Background: Typhoid fever is a systemic infection caused by Salmonella Typhi. It is still common in the developing world, where it affects about 21.5 million people each year, 222 000 typhoid-related deaths occur annually worldwide. It can be prevented and can usually be treated with antibiotics. Cases are reported through National Electronic Disease Surveillance System (NEDSS) from all healthcare facilities to department of Epidemiology and Surveillance.
Objective: To identify strengths and weaknesses of surveillance system of reported typhoid cases for improvement and disease control.
Methods: The evaluation was conducted using CDC guidelines for evaluating public health surveillance. NEDSS data regarding Typhoid from 1st January 2016 to 31 December 2016 were extracted on an excel sheet for calculating completeness and timeliness. A structured questionnaire was used to assess the following attributes: Usefulness, Simplicity, Acceptability, and Stability. The assessment was implemented on four levels: central, Health directorate, Health district, Fever hospital levels. Sharkia governorate had been selected which was the highest governorate in reporting typhoid cases. Data were analyzed using Microsoft Excel.
Results: According to surveillance officers in all levels which interviewed (n=10), the mean of system usefulness, simplicity, acceptability and stability was 92.5%, 98.8%, 94%, and 85.5%, respectively. The mean completeness of some variables (Outcome, occupation, national ID, address, final diagnosis) was 75.9%. It takes 2 minutes for case/day for data entry and 27minutes/month for data analysis. Median time between electronic Insertion to Reporting and admission to Notification date was 1 day for both, IQR (3-1) and (2-1) respectively. Positive predictive value was 50%. Satisfaction of surveillance team was 100%.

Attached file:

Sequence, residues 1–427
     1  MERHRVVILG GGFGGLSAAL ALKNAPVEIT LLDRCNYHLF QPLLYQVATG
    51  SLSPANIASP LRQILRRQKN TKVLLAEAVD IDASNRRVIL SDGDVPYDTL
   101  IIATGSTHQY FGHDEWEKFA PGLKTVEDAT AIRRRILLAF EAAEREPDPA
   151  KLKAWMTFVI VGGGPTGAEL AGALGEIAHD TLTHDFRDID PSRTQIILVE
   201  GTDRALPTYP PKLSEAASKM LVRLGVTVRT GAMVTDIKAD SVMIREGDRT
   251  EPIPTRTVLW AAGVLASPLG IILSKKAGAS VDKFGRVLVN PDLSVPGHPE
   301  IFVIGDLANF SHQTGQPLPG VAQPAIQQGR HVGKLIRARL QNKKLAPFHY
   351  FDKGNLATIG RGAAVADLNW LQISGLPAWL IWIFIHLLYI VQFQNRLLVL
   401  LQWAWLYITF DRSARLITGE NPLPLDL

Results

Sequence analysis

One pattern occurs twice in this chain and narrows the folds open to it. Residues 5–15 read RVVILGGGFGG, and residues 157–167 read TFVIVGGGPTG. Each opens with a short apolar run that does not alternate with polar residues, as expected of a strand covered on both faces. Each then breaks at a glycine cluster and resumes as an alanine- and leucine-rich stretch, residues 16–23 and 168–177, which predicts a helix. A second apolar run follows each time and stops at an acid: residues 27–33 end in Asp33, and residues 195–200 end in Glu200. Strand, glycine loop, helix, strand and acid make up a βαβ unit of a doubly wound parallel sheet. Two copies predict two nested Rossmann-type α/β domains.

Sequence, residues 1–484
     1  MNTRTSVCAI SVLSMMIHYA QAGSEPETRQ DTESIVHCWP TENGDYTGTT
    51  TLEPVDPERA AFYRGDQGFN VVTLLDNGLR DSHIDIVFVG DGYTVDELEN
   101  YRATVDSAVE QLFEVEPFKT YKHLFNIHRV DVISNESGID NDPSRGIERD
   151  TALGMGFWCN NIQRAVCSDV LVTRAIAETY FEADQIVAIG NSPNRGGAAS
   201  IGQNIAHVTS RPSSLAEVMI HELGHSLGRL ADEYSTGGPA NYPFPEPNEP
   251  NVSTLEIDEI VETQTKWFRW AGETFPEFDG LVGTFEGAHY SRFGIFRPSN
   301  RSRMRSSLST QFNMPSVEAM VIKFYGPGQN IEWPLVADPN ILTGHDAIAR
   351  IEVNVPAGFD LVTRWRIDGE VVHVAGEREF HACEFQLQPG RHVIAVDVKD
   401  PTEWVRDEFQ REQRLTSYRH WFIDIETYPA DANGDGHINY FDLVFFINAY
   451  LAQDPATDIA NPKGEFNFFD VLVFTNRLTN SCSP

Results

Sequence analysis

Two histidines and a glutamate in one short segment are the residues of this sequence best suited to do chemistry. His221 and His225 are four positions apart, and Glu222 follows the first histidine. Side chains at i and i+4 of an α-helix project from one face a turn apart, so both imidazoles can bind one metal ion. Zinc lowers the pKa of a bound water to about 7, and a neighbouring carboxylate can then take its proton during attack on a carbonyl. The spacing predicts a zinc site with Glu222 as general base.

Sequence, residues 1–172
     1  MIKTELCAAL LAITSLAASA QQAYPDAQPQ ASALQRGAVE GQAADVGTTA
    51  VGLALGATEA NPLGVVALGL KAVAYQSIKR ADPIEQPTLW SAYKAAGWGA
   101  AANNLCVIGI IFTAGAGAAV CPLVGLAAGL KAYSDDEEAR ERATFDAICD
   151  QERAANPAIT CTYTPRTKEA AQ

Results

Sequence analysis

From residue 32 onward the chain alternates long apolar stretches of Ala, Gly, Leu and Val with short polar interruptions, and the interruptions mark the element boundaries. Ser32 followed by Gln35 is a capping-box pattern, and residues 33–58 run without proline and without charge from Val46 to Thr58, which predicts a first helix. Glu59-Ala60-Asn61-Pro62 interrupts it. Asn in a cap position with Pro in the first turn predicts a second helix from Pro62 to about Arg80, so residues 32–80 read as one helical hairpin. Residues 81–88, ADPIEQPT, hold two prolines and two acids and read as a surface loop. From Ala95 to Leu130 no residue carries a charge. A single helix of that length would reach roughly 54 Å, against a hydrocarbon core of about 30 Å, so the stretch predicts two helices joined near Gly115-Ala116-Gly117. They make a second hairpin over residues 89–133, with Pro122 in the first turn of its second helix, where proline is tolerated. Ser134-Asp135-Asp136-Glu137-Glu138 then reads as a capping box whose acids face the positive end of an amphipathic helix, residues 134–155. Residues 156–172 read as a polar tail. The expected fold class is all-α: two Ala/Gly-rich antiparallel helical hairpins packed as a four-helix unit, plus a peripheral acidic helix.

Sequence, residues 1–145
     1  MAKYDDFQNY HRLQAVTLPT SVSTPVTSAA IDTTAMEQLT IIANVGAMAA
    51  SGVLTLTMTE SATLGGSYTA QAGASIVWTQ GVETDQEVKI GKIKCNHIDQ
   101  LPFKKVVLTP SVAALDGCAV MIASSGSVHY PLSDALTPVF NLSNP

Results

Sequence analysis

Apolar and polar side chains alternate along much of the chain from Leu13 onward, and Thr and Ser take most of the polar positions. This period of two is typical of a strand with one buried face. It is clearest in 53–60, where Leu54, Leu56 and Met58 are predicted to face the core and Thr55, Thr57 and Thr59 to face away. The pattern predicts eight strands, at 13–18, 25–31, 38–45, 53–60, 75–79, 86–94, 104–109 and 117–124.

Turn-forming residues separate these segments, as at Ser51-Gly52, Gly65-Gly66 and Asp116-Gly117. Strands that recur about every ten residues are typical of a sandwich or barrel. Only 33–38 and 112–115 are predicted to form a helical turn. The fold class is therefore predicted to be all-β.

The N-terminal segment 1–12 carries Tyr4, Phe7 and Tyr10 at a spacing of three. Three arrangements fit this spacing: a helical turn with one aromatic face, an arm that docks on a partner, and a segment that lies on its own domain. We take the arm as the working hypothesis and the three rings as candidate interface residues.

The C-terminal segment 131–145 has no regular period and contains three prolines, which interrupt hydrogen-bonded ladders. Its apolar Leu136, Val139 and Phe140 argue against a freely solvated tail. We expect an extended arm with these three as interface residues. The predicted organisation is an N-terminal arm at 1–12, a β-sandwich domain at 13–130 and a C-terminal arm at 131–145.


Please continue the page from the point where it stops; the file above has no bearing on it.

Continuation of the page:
Conclusions: The system is simple, flexible, stable, acceptable and useful for the surveillance team which is satisfied with their job, the timeline of reporting is considered acceptable in between different levels and Lack of laboratory confirmation of cases (use tube agglutination test only).
Edited by Y Khader; This is a non–peer-reviewed article. submitted 29.03.18; accepted 29.03.18; published 29.03.18Copyright
©Shereen Elghazaly, H Abu El Sood, S El Shorbagy, S Refaey. Originally published in Iproceedings (http://www.iproc.org), 29.03.2018.
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